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Bit hard astro-greenie


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Hello all! Greetings from the woolly wilds of the south central US. I had an interest in astronomy when I was younger (12) and my father, in his infinite wisdom, bought me a microscope. So at 42, I'm picking it back up. I am so in love! The night sky has proven to be most cathartic and I will never give it up again. I started by just doing a few lunar photos the end of July, then the Perseids in mid-August. That was when I really became hooked. Just going out and laying under the stars and staring at the dusty bands of the Milky Way was magical. I hadn't done that since I was a kid. Why do we forget? Tragic. So then I ordered binoculars and a planisphere. A month later I picked up an old model of the Celestron Celestar 8" SCT. I named her Teena (shortened from Athena) and we are on our way! If I can get my head wrapped around polar alignment, we'll be unstoppable!




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Many thanks for the warm welcome! My husband was an RAF brat, but calls Cambridgeshire home. Have visited a few times and although it's much warmer here, they are both quite green! Loved Wales when last over, having dipped my toes in the Atlantic at Fishguard. Unforgettable. Thanks for letting a yank hang out and if there's anyone who knows how to do manual polar alignment with an SCT on a wedgepod, I"d be eternally grateful! The Cassegrain crew seems lost without computers! LOL! Cheers, all!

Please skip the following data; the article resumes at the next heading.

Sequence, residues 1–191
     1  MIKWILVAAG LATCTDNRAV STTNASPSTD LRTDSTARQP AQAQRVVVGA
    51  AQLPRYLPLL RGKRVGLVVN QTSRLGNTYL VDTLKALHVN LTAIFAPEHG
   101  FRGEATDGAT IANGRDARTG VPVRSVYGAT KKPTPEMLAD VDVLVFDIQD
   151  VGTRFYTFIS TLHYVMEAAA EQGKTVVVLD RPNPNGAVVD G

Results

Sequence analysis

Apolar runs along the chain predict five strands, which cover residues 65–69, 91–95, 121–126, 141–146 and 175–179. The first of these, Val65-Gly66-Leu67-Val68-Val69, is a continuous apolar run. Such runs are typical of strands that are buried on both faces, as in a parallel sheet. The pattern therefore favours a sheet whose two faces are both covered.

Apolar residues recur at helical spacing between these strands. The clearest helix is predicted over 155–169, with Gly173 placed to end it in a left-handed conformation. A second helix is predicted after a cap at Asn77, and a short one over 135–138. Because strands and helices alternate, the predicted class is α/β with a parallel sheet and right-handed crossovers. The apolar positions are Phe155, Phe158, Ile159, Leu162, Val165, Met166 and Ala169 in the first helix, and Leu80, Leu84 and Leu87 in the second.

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Hi  A_Nonnie_Mouse and welcome to SGL to you and Teena, lovely countryside you have there, also with nice dark skies I expect.

A quick Polar align without a computer out in the field, Hmn: